Iowa Football: Why Northwestern Is Always a Tough Win
Earlier this week, Northwestern freshman tailback Adonis Smith provided some bulletin board material for Iowa in its preparation for this Saturday's game in Evanston.
"Coach? I really haven't heard anything from him, he's just...he hates them. I know that for a fact. He hates Iowa."
For one, this is precisely why Iowa's true freshman aren't allowed to talk to the media, but that's beside the point. So, too, is Northwestern coach Pat Fitzgerald's stance on the the Hawkeyes.
Iowa shouldn't need any more bulletin board material than it already had. Although the players won't admit it—Ferentz makes sure they don't give out bulletin board material—the Hawkeyes will have revenge on their mind this Saturday. Revenge on a team that hurt their star quarterback. Revenge on taking away the possibility of a perfect season.
Recently Northwestern has had Iowa's number. The Wildcats have won the last two contests between the teams—both in Iowa City—four of the last five and eight of the last 13. And typically Iowa has had the better teams over the last 13 years.
Every team has that one opponent they just can't beat. For instance, Iowa is to Penn State what Northwestern is to the Hawkeyes.
Kirk Ferentz has owned the Nittany Lions, compiling an 8-2 record against JoePa and company during his career as Iowa's head coach. That includes a win in Iowa City in 2008 that ruined Penn State's national championship hopes.
But Penn State's woes against Iowa are a different story.
Save for three meetings since 1999, Iowa has had the better team. Penn State won two of those three meetings and met a very hot Iowa team in Iowa City in 2008 that was much better than its record showed.
Last year's win in State College looked like an upset at the time, but it turned out Iowa had a pretty darn good team. So although Penn State has a better history, Iowa's recent superior record is perfectly explainable.
Northwestern's recent success against Iowa, however, is an unexplainable conundrum. Well, not exactly. It's actually very explainable. But it's the explanation that pains Hawkeye fans.
Unlike the Penn State scenario, Iowa has had a better team than Northwestern, even in its losses. The Wildcats are definitely on the rise and Pat Fitzgerald has the program headed in the right direction. But especially over the past few years, Iowa has clearly had the superior team.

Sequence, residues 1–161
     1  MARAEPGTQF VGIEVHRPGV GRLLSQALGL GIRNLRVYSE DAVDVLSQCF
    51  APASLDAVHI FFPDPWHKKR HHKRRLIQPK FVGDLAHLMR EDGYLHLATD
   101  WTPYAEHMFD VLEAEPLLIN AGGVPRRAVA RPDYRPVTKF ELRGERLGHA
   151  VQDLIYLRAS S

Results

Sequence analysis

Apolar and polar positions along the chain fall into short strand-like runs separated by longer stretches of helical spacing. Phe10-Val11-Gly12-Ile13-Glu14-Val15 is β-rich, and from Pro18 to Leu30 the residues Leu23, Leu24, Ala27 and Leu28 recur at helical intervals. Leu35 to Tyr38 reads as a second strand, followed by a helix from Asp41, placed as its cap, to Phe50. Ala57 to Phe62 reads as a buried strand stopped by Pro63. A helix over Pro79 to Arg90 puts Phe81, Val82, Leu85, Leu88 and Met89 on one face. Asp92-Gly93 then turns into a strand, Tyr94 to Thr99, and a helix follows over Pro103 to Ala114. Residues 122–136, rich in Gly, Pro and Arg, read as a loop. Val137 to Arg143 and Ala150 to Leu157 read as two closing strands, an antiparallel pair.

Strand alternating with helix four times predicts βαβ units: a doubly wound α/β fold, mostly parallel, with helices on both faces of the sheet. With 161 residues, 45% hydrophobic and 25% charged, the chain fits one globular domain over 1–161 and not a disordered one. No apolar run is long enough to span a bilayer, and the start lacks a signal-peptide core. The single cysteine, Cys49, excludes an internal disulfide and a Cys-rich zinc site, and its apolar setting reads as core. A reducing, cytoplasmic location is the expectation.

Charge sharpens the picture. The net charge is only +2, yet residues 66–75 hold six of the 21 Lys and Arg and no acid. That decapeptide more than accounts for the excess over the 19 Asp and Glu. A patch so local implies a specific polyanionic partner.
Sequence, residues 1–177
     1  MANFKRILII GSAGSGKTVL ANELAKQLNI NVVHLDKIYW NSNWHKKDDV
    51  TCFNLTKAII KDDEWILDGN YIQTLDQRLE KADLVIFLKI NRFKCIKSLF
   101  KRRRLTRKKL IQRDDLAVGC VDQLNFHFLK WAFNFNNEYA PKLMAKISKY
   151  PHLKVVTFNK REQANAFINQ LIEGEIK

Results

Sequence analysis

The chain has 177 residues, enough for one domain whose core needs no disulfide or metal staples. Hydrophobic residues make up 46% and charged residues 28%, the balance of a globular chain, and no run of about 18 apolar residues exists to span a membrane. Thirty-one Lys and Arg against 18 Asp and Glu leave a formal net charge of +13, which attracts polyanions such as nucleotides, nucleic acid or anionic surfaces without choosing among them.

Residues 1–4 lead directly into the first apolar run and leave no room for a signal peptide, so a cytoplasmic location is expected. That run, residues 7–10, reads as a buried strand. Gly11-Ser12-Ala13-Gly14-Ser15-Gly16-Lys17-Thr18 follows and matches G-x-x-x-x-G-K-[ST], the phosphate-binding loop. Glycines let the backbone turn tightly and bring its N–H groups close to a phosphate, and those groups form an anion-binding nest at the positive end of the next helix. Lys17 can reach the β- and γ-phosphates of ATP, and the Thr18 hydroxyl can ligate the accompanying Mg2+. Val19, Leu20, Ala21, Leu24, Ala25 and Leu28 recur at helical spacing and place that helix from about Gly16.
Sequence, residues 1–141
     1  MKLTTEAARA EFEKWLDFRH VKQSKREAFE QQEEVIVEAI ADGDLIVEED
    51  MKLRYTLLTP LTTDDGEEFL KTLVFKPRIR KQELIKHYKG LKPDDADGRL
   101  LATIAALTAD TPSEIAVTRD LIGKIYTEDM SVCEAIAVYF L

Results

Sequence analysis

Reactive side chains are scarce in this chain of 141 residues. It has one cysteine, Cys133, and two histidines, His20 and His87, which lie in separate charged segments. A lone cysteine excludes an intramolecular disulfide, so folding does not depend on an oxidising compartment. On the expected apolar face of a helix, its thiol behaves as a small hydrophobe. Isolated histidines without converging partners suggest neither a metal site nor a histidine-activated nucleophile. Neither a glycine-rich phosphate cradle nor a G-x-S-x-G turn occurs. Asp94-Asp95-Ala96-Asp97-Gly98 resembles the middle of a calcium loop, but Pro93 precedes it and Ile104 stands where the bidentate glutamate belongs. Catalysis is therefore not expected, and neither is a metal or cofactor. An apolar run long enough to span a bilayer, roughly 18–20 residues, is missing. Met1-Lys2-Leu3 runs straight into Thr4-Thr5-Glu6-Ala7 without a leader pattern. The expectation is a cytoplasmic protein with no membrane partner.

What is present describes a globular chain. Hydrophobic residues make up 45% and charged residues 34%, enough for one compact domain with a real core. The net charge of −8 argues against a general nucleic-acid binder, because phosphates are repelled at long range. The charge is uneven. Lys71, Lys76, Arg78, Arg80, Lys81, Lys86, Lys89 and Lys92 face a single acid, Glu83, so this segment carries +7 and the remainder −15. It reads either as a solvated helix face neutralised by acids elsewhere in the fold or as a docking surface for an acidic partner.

The problem over the past few years has been a string of bad luck and turnovers.
In 2008, the Hawkeyes went up early on Northwestern, but Shonn Greene was injured and a number of turnovers allowed the Wildcats back into the game and they eventually took the lead. Ricky Stanzi, a young quarterback at the time, couldn't convert on fourth down in the red zone and Northwestern was able to pull out the win in Kinnick.
A year later, injuries plagued the Hawkeyes once again. Again they pulled out to an early lead, this time a 10-0 margin thanks to a big Marvin McNutt touchdown pass, but Stanzi was injured on a sack in the endzone. He fumbled, NU recovered and the Wildcats narrowed the deficit to 10-7. New quarterback James Vandenberg was shell shocked and the offense couldn't score again. The defense couldn't hold either and Northwestern pulled out a 17-10 victory over then No. 4 Iowa.
It's one thing to be beaten by a team that is better than you, but it's another to be beaten by a clearly inferior foe.
The good thing for Iowa is that Northwestern's recent success really is just a fluke. No, there's no secret formula that Pat Fitzgerald uses and there really is no reason, other than injuries, that Iowa lost those games.
This Saturday, Iowa will bring a superior team to Evanston once again. On paper, the Hawkeyes should win. Northwestern's pass defense is abysmal and the offense is nothing special.
Barring injury, Iowa should handle the Wildcats and move ahead to a battle with Ohio State next weekend that will have major Big Ten championship ramifications.
There's no hex. There's no secret formula. And bulletin board material or not, Iowa has a better team this weekend. And this time, the better team will win.
What is the duplicate article?
Why is this article offensive?
Where is this article plagiarized from?
Why is this article poorly edited?